10-core Intel Comet Lake CPUs draw the same power as an RTX 2080

10-core Intel Comet Lake CPUs draw the same power as an RTX 2080
(Image credit: Intel)

If you want to get a consistent turbo clock speed out of your new ten-core Intel Comet Lake processor you're going to need some serious cooling. And a monster power supply too, because at peak performance the CPU alone wants to draw 224W. That's higher than the TDP of an Nvidia RTX 2080 graphics card and actually about what we've measured in terms of peak 2080 board power too, which is… a lot even for a desktop processor.

We had heard reports that Intel had been holding back the release of its new range of 10th Gen desktop processors because the flagship ten-core Comet Lake CPU, the Core i9 10900-series, was getting rather thirsty. It was suggested that motherboard makers were getting frustrated with the delay—they'd supposedly had new Z490 motherboards ready for a while—and that Intel was working on getting that hefty power draw down.

Now it looks like maybe Intel has given up, and is simply going with what it's got. The Comet Lake launch announcement is rumoured to happen at the end of the month, with a release later in May. And a freshly leaked screenshot of a Core i9 10900F, one of the ten-core chips without graphics silicon inside it, now shows the PL1 and PL2 ratings of the CPU. And they're incredibly high. 

You're probably more familiar with the term TDP, or thermal design point, of a processor—that relates to this first PL1 rating. It stands for power level one and is the rating in Watts that the chip will run at under long-term load. In this case the PL1 rating is 170W, which means the top Intel Comet Lake processors will effectively have a 170W TDP.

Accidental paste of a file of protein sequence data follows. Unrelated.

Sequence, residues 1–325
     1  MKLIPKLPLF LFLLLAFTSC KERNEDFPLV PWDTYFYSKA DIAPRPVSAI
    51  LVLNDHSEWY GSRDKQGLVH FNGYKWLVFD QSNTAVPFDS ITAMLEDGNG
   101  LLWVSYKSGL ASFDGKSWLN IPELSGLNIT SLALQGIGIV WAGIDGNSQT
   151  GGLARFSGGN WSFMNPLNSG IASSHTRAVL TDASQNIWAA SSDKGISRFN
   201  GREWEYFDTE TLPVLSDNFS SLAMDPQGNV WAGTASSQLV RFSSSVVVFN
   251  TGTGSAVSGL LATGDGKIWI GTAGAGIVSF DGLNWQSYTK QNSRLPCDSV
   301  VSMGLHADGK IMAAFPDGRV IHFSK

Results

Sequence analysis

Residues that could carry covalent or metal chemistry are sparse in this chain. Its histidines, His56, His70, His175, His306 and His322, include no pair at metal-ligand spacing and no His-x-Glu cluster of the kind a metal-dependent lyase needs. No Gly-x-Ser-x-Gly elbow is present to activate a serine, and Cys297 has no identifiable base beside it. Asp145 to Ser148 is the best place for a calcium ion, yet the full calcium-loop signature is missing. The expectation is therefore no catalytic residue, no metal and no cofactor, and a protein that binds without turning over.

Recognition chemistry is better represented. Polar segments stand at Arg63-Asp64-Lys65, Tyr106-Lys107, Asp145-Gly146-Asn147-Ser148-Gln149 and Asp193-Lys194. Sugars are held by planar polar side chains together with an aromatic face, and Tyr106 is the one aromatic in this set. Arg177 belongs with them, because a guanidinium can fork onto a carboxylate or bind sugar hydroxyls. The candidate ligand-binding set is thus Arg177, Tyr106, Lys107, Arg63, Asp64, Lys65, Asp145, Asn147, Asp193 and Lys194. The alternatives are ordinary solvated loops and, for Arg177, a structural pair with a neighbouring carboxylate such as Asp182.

The 7nm AMD Ryzen 9 3950X, a 16-core, 32-thread processor, has a TDP of just 105W (though in reality it gets to around 146W under full load), and it's looking like no matter how many '+' signs Intel sticks after its 14nm process the elderly architecture really is straining under the pressure of Comet Lake's extra core count. These 10th Gen CPUs are essentially using the same 14nm technology we've had in our PCs since 2015, so that's probably not a huge surprise to anyone.

The interesting thing here is that the PL1, or effective TDP, is only one part of the picture. The PL2 rating of 224W shows that when the 10900F is aiming for a short-term burst of power—what we normally refer to as entering its Turbo mode—it needs a huge amount of power to sustain that performance across all ten cores.

And, from the latest leak, we can see that even drawing that level of power it's only running at 4.58GHz. Compare that to the limited edition Core i9 9900KS, which could run at 5GHz across all of its eight cores, and ran at what looks like a PL2 rating of just over 170W. Or the lower power level of Comet Lake.

The long and short of all this is that you're really going to want to have one of the best CPU coolers on the planet, and a pretty hefty PSU too, if you decide to upgrade your gaming PC to the next-gen Intel Comet Lake processors. 

And it looks like a 240mm liquid chip chiller is also going to be de rigueur for any of the 10th Gen K-series chips. Otherwise you're unlikely to be seeing the true potential of the last days of Skylake architecture.

Dave James
Managing Editor, Hardware

Dave has been gaming since the days of Zaxxon and Lady Bug on the Colecovision, and code books for the Commodore Vic 20 (Death Race 2000!). He built his first gaming PC at the tender age of 16, and finally finished bug-fixing the Cyrix-based system around a year later. When he dropped it out of the window. He first started writing for Official PlayStation Magazine and Xbox World many decades ago, then moved onto PC Format full-time, then PC Gamer, TechRadar, and T3 among others. Now he's back, writing about the nightmarish graphics card market, CPUs with more cores than sense, gaming laptops hotter than the sun, and SSDs more capacious than a Cybertruck.